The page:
If you need to stash your collection in your attic or other storage while, say, you move house, store them as you would if they were on display – upright. They may not be on display, but don't just pile them flat on top of each other. Lots of records piled on top of one another will create a fair bit of pressure on those at the bottom – which over time can cause them to warp. Also, keep them close together and upright, rather than leaning them to avoid pressure in this way. If possible use dividers to separate the records, which will give the vinyl a little more room to breathe.

Plastic fantastic

How to store records

Thumbing through your collection can be wearing on your record outer sleeves, so consider protecting them with plastic (Image credit: Getty Images)

We shouldn't have to tell you that investing in some plastic wallets will protect your precious vinyl, both in terms of the disc and the outer sleeve. They're relatively inexpensive and – while it might take you a few beats longer to put them away properly – will safeguard what is now a fair old investment in your favourite music format.

Divide and conquer

How to store records

If it's good enough for record stores... dividers can give your collection room to breathe, as well as help you find records more easily (Image credit: Future)

Especially for day-to-day use, dividers are a great idea for many reasons. If your vinyl albums don't have an outer plastic sleeve to protect them, thumbing through your collection from above or the sides (and let's face it, narrow album spines are hard to read) will inevitably wear on your beautiful cardboard sleeves. And you will thank yourself, if only for the time it will save you on said thumbing-through even a carefully alphabeticised collection.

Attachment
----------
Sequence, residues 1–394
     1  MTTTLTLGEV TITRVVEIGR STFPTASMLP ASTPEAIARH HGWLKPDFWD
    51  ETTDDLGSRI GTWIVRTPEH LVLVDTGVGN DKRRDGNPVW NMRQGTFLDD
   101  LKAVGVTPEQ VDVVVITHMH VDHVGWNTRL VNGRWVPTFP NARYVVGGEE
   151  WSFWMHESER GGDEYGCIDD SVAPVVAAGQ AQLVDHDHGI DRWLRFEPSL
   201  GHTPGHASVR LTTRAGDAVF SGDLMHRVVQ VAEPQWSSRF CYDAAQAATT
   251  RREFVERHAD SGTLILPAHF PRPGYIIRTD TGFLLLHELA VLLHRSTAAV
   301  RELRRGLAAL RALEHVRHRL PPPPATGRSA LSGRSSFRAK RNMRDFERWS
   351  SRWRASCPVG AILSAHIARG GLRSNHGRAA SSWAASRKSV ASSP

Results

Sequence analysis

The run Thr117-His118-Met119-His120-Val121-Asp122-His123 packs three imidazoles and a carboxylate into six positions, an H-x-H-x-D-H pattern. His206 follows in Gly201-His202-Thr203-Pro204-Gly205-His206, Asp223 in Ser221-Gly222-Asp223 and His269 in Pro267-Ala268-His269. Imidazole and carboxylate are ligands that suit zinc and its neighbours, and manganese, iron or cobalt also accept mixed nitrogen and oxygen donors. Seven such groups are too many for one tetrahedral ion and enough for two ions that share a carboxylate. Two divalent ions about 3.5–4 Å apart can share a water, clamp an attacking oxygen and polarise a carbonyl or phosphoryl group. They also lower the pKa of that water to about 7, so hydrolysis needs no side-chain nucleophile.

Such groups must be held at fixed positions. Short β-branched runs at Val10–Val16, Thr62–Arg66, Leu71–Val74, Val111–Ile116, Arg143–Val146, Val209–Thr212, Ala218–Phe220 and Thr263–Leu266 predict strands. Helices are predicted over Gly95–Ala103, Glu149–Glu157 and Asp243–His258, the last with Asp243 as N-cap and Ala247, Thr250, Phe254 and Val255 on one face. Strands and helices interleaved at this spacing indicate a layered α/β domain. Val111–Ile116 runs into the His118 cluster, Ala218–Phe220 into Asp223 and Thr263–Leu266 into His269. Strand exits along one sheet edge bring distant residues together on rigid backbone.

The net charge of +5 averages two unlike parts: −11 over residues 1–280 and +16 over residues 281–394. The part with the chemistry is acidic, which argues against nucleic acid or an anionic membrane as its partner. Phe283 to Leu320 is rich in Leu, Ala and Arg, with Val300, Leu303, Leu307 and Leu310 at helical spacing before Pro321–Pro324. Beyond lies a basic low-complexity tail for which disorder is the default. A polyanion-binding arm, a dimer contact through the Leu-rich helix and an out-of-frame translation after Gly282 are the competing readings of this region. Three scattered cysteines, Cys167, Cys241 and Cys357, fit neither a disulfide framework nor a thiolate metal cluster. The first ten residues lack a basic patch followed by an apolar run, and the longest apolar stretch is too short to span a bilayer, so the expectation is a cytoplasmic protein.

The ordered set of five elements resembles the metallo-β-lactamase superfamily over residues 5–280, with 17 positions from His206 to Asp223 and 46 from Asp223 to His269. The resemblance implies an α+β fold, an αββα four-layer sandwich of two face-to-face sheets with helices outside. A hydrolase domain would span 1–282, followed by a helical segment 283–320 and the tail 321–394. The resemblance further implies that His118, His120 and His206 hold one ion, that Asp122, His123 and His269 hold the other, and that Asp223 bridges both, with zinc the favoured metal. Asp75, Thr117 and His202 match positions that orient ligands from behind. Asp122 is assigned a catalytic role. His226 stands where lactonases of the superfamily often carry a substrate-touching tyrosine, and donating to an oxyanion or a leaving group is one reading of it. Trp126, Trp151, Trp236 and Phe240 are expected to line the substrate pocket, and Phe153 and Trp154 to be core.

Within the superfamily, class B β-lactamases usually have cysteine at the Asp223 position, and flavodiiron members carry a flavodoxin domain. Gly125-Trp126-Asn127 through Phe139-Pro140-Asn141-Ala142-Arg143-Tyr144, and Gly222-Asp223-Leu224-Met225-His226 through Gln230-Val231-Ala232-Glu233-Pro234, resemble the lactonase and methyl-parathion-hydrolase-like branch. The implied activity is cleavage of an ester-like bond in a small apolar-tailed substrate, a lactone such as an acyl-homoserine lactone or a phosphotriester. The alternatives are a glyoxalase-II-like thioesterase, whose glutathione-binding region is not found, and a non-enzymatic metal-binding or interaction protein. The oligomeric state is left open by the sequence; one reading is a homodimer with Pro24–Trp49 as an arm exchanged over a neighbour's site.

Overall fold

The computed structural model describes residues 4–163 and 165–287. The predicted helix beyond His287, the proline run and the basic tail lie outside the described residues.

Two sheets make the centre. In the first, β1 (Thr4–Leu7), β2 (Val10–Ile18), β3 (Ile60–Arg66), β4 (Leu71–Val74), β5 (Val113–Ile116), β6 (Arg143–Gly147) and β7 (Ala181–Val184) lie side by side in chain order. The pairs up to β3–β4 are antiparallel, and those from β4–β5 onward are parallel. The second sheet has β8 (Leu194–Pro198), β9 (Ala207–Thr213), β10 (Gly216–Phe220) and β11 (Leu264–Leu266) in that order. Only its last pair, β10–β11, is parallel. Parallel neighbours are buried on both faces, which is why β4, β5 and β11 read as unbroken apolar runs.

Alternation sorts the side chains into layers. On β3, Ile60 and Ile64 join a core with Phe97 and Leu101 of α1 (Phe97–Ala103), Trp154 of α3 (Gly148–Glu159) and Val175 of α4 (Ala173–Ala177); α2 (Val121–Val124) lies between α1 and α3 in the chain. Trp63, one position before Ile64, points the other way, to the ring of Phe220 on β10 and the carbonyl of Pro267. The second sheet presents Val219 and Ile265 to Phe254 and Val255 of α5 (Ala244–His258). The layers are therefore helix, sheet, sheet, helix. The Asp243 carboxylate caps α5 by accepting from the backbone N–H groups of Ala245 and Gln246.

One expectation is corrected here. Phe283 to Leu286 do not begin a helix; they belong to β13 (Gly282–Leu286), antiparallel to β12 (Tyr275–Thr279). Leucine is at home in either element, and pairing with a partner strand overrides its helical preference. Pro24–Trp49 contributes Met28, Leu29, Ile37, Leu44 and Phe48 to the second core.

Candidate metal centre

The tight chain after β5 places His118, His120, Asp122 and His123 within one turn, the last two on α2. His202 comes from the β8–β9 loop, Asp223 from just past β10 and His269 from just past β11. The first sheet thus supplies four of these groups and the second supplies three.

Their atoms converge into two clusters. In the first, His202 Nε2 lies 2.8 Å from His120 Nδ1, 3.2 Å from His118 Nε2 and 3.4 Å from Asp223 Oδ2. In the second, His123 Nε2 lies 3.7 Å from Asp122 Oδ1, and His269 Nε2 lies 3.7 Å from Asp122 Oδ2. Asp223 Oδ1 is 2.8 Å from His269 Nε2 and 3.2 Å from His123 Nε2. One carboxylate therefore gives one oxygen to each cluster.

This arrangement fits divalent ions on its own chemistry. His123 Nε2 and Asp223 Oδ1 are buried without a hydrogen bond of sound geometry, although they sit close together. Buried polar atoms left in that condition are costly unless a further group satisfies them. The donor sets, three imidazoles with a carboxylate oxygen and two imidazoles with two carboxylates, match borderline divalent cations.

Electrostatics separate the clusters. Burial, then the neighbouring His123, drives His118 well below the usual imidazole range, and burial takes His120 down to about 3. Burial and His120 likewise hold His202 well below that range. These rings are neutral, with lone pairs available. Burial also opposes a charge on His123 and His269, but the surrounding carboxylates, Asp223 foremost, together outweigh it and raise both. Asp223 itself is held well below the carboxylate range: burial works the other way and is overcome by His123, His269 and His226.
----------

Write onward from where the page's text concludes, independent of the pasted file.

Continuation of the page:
Inner peace

How to store records

Keep your vinyl in an inner as well as an outer record sleeve (Image credit: Future)

Make sure your records are put back properly in their inner sleeves. Even the standard paper inner sleeves will provide extra protection, but even those can scratch your vinyl; consider replacing them with plastic ones, which are better in that they tend to be anti-static – you can get a 50-pack of these for around £15. Sleeves made of polyethylene rather than PVC are also better in protecting the vinyl from UV rays.

Clean minds

How to store records

A kit like this one from Vinyl Tonic should contain everything you need to keep your vinyl clean and dust-free (Image credit: Vinyl Tonic)

Always give your records a quick clean with a dedicated record cleaning cloth (or even a glasses cloth) before putting them away. This will prevent the build-up of dust, human and pet hairs (or god forbid, mould or mildew) which will eventually cause problems for playback. A good quality microfibre cloth, a bottle of cleaning solution and ideally an anti-static brush will be included in a record cleaning kit that can be had for around £20, and we would argue this is absolutely essential for record care.


From voice to vinyl: how records get their groove

I would love to have a turntable system at home, but there are two things stopping me

How to clean your turntable

Production Editor

Chris is What Hi-Fi?'s Production Editor. He has 25 years under his belt as an online and print magazine journalist, editing and writing about music, film, sport, video games and more. Having started his career at the NME, he spent 10 years on staff at legendary lad's mag Loaded, and has since been Editor of Rhythm and Official Xbox magazines.